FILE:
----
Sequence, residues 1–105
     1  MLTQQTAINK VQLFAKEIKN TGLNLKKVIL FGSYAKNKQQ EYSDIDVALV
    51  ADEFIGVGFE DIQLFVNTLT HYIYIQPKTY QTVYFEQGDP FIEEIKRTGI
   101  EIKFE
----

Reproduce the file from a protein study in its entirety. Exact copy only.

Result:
Sequence, residues 1–105
     1  MLTQQTAINK VQLFAKEIKN TGLNLKKVIL FGSYAKNKQQ EYSDIDVALV
    51  ADEFIGVGFE DIQLFVNTLT HYIYIQPKTY QTVYFEQGDP FIEEIKRTGI
   101  EIKFE